Yesterday's post discussed a new study assessing the impact of different levels of drinking on hepatitis C disease progression. The results indicated that heavy drinking, particularly in men, was associated with greater fibrosis. Beyond that, there was a trend towards increased fibrosis associated with greater amounts of alcohol consumption, but that for light or moderate drinkers the association with fibrosis progression was not statistically significant.
Here are some ways to think about this research from a harm reduction perspective:
1. Research can't always give you clear, unambiguous answers: One of the lessons of this study is that alcohol's effects may be subtle and highly variable. The study could not demonstrate a safe level of drinking, nor could it unequivocably show that even light drinking is harmful for people with hepatitis C. While more research would be helpful, it's unlikely to result in a clear formula for how much it's safe to drink, and for whom. As with many other aspects of hepatitis C, we listen to the research and learn to live with the ambiguities. Clear answers can be comforting, but they're often in short supply, and it's dishonest to impose false certainties and absolutes on the messy realities of hepatitis C.
2. Everyone's body is different: Just as people respond differently to alcohol in their mood and behavior, people with hepatitis C will likely have a range of possibilities in how drinking affects their liver. As the study authors note, some people may be more susceptible to the effects of alcohol on the liver. Even heavy drinkers in this study did not invariably progress to cirrhosis.
3. There's no way of knowing how susceptible someone is to liver damage from alcohol consumption: If you have hepatitis C, you can't predict what level of drinking is "safe" or "dangerous" for your liver. Some people with advanced liver disease can feel the effects of alcohol -- their body's telling them through symptoms that alcohol is hard on the liver. But most people won't know what effect alcohol is having on their liver from symptoms.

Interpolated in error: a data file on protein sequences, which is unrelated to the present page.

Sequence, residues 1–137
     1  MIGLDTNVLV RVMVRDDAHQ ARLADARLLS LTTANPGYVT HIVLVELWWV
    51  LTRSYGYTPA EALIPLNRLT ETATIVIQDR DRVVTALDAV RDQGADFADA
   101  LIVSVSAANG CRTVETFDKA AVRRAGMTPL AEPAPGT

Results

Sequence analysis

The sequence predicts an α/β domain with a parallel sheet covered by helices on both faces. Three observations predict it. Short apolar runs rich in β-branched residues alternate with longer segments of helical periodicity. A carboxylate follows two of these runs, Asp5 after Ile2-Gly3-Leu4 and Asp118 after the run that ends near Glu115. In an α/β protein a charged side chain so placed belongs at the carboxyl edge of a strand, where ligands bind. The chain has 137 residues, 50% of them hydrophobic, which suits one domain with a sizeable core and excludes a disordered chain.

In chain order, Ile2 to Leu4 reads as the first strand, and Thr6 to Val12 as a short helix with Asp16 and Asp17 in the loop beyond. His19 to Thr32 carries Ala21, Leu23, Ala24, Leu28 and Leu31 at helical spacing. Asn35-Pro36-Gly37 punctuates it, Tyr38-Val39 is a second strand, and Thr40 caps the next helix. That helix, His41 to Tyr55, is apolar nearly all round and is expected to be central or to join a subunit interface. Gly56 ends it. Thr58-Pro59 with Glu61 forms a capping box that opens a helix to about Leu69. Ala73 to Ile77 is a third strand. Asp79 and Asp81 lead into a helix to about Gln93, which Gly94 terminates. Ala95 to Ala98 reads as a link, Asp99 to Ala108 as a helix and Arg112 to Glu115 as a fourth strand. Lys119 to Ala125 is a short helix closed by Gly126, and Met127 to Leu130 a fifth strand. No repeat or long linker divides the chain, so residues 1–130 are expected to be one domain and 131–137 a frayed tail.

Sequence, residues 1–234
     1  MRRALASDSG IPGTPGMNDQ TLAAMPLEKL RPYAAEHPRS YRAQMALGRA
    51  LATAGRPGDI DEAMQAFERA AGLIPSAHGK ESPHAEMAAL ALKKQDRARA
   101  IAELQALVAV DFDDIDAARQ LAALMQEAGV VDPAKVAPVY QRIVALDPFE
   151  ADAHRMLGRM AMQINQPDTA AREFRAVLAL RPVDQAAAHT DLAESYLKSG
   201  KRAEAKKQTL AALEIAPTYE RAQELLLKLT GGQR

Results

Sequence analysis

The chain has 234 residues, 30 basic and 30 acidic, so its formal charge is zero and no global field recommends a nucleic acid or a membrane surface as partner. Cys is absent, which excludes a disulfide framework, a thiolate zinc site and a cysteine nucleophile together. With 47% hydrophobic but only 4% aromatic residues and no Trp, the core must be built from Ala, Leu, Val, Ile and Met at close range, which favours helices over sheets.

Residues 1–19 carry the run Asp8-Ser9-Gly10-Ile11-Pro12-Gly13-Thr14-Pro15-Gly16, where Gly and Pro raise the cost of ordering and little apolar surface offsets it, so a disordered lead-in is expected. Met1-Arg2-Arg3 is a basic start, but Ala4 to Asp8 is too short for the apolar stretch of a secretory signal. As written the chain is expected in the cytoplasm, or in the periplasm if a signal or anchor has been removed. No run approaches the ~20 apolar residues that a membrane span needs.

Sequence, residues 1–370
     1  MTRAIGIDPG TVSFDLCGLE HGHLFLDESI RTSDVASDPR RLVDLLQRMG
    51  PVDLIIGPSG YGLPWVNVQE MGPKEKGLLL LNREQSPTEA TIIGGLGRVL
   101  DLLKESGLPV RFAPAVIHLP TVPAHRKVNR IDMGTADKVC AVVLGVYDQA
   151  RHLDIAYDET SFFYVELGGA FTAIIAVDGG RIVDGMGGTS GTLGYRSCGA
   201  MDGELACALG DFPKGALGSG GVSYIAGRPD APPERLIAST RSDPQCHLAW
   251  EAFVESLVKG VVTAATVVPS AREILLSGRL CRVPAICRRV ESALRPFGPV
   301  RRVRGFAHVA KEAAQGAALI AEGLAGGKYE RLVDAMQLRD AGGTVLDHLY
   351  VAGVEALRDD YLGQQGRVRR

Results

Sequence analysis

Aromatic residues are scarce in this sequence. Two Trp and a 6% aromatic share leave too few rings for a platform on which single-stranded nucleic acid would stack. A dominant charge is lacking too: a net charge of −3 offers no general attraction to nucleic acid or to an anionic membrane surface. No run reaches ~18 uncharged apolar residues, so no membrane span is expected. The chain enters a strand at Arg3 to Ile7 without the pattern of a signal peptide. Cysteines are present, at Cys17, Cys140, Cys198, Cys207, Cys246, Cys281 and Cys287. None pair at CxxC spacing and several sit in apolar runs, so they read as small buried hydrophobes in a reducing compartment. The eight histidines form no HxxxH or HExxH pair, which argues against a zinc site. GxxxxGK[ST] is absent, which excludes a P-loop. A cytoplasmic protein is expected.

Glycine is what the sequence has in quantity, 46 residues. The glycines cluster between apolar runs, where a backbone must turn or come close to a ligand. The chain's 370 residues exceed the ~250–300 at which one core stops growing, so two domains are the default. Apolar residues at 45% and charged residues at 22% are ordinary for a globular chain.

4. Other information about liver health can help put the risk of drinking in context: In the study described yesterday, elevated ALT levels were strongly associated with risk of greater fibrosis, as was age and liver inflammation. In other studies, obesity or a high body mass index has been associated with greater fibrosis, while female sex may somewhat protect from fibrosis progression. There's no formula for predicting your risk of fibrosis, but a biopsy can tell you where things stand with your liver. People who have been infected with hepatitis C for 20 years and have little or no fibrosis may not have to change the way they drink; people who have cirrhosis may need to take the risks of alcohol more seriously.
5. Drinking may be a risk, but it's not just a risk: People have a range of reasons for drinking -- pleasure, companionship, relief from stress, etc. Even people who aren't dependent on alcohol may be reluctant to give it up. Some drug users have worked hard to quit other drugs, like heroin, cocaine, and crack, trading them for alcohol -- drinking helps them stay away from the drugs that were creating more immediate and severe problems in their lives. If you only think and talk about alcohol as a risk for liver disease, you're missing a big part of the picture -- the reasons why people drink, and the real and perceived benefits they get from continuing to drink.
In a future post, I'll talk about how educators and people with hepatitis C are grappling with these issues. In the meantime, feel free to add a comment (click at the bottom of this post) about your take on alcohol and hepatitis C.